"Adult readers shouldn’t have to work too hard to figure out the cartoon creator’s underlying message…..

"The cartoon hit Brown … below the belt.

"A former city councilman and school teacher (Fruscione) should’ve thought about that possibility before he decided to lay copies of it around her workplace….city hall, a public space where employees should be expected to perform their duties while not being subjected to low-brow forms of abuse, bullying and other behaviors that have been deemed inappropriate at all levels of government and in private-sector offices across the nation for years."

Brown told the Gazette that she considered the cartoon and its distribution as the latest in a series of recent incidents where she felt "bullied." adding that "such antics inside city hall are part of the reason she signed up to be a citizen lobbyist for a state workplace bullying bill."

"I'm tired of the bullying," Brown told the Gazette and said she discussed the matter with an attorney. "I'm tired of people beating me up."

Brown said the flier was typical of the "intimidation tactics" she experienced when Fruscione was a council member.

"Not only, in my opinion, is he a bully, but he's immature and a poor example of what is educating our students today," Brown told the Gazette.

The cartoon's creator, Niagara Falls resident Gerald Skrlin told the Reporter that he did not intend that the "o" should appear as a "u" but staunchly defended his right to lampoon anyone in politics, as well as saying his cartoon captured the spirit of everything that's wrong at city hall.

Skrlin resides on Buffalo Avenue in the old Lavinia Porter home and operates an art gallery featuring his works and a museum dedicated to Porter, one of the early and famous residents of Niagara Falls.

Skrlin has had a longstanding beef with Brown and her husband, Pat Brown, a well known accountant and former city controller, who own the vacant lot next to Skrlin's home. Skrlin has appeared before the city council claiming the Browns, along with the Code Enforcement Department, have conspired to force him out of his home.

Skrlin addressed the city council two months ago at a Saturday morning community outreach meeting at the Duke Center where he minced no words in stating that he felt he was being targeted by Code Enforcement.

Skrlin told the Reporter that each time he voices his suspicions about the Browns, he finds his property being inspected days later by the city.

The Reporter contacted Acting Code Enforcement Director Dennis Virtuoso, who said it wasn't true.

"Just take a look at his house," Virtuoso said. "He was in court for three years. The people at the Parkway Condominiums across the street were complaining. He had peeling paint, gutters were hanging. There were numerous violations. We had him in court and finally he is starting to fix it up. You don't go to court for frivolous violations."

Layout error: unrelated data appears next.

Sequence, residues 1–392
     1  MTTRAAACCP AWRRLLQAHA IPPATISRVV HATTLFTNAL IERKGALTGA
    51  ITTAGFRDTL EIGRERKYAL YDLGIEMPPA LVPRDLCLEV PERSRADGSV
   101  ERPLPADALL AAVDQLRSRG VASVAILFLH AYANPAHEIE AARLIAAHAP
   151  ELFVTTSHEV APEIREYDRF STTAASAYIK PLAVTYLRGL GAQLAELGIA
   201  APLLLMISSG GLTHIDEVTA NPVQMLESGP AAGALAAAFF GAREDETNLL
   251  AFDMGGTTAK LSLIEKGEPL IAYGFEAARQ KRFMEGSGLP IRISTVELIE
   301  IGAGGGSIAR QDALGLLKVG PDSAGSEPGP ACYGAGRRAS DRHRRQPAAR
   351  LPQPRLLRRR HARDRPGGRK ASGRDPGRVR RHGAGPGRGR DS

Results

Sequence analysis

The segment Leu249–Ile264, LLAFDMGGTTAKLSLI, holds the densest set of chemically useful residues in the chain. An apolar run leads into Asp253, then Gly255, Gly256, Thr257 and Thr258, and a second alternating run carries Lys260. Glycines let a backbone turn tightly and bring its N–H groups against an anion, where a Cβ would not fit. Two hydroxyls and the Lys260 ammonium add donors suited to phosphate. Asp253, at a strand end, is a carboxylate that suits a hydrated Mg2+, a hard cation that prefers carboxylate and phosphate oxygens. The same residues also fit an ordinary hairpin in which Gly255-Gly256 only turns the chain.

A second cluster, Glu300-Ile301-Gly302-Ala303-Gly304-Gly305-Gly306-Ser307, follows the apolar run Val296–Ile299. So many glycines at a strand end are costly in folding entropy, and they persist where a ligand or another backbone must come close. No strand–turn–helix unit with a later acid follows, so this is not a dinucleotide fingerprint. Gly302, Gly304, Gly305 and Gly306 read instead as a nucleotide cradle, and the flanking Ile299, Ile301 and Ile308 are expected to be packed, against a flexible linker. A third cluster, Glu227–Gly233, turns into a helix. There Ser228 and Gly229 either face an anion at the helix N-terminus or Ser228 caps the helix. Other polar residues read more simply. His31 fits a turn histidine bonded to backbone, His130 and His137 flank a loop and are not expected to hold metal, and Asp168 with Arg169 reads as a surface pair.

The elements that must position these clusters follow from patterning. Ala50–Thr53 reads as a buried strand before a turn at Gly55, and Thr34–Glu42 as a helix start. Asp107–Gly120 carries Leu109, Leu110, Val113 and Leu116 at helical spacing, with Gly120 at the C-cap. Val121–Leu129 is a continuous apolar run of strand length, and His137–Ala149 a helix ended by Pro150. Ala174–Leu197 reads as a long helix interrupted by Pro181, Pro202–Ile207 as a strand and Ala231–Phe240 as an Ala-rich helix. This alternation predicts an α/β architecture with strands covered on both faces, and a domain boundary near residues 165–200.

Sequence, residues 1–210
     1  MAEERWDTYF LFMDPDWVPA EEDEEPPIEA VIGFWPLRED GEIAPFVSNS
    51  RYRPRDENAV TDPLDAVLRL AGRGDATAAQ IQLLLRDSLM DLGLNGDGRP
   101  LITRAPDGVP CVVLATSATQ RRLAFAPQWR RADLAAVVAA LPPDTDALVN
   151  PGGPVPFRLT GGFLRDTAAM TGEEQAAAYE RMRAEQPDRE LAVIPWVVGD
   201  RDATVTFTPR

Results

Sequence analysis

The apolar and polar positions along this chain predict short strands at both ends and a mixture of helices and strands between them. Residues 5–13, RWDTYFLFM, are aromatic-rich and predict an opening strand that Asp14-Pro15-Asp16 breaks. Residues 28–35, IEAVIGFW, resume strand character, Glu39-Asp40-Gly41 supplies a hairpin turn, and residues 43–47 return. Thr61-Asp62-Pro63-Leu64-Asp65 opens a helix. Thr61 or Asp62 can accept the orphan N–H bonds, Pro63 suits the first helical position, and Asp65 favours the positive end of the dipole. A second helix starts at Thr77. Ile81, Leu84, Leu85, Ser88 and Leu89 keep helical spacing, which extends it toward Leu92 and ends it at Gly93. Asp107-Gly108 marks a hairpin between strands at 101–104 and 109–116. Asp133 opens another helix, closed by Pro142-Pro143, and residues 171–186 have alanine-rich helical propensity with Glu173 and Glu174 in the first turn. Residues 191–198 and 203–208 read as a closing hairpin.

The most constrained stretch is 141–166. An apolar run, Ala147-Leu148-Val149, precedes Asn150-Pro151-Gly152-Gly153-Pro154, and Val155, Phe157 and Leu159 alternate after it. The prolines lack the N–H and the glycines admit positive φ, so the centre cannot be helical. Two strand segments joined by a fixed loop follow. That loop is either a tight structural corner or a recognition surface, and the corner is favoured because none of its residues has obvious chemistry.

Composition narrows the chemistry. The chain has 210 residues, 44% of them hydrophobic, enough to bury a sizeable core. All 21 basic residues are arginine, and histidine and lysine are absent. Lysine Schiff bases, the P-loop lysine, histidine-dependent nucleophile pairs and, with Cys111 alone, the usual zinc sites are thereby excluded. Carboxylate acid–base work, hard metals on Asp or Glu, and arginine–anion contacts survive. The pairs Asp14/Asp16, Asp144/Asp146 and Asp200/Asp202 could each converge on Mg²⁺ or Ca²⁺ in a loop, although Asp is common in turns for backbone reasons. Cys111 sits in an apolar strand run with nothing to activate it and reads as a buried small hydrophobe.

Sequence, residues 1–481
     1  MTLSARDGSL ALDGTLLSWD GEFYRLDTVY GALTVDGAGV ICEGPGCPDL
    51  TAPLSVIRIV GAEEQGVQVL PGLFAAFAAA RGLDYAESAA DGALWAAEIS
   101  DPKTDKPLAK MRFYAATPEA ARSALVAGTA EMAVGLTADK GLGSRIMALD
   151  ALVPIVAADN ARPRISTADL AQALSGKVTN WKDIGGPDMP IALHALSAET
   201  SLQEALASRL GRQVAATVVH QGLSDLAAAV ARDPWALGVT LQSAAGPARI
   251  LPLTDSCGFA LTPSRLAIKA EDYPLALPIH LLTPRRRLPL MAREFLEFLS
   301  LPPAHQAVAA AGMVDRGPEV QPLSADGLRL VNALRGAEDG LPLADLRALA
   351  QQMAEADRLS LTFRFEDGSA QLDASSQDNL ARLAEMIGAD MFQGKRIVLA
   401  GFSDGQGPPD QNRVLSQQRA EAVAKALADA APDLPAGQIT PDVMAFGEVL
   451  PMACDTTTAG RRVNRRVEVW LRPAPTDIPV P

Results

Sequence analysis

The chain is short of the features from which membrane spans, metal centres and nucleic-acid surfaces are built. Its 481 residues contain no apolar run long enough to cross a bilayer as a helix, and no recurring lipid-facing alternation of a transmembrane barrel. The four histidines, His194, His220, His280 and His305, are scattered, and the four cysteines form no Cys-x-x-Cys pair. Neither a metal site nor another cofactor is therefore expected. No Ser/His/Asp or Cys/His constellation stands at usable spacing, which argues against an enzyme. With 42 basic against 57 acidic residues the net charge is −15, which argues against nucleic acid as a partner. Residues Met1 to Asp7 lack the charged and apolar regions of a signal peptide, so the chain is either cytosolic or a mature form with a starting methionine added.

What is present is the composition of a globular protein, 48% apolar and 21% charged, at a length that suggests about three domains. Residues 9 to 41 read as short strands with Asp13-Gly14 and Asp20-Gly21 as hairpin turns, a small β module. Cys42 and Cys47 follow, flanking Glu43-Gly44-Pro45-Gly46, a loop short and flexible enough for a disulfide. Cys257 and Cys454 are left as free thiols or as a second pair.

The Reporter asked Virtuoso, "Did Maria Brown ever ask you to look into Skrlin's property?"

"Just the opposite," Virtuoso said. "Skrlin often asked us to look into Maria's property next door. She never once filed a complaint against him."

Four calls over three days to Controller Brown were not returned as of press time.

One of the intriguing facets in the devolving cartoon hoopla is the role of Acting Mayor and Councilwoman Grandinetti, a pre-K public school teacher. She took such umbrage at the crude cartoon that she called a press conference to condemn it.

Yet, recently, Grandinetti posted a profane video on Facebook featuring female children as young as six repeating the F word intended by its creators to promote “women's equality."

Some of the same people who saw Grandinetti’s F-word video as creative and groundbreaking, also saw Skrlin’s cartoon as meriting the suspension of Fruscione’s First Amendment rights and his arrest by city police.

That Skrlin's cartoon will be seen by some as amusing, others as ridiculous, raunchy and vile, or a dead-on lampoon of city hall, the attempted trampling of Fruscione’s First Amendment rights is no laughing matter.

Fruscione told the Reporter, "They tried to arrest me for possession of a political flier."

However, had it happened, Niagara Falls would have been the laughing stock of the nation.

A defiant Sam Fruscione (r) tells reporters just what he thinks of them after losing on election night last year.






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Contact Info

©2014 The Niagara Falls Reporter Inc.
POB 3083, Niagara Falls, N.Y. 14304
Phone: (716) 284-5595

Publisher and Editor in Chief: Frank Parlato
Managing Editor: Dr. Chitra Selvaraj
Senior Editor: Tony Farina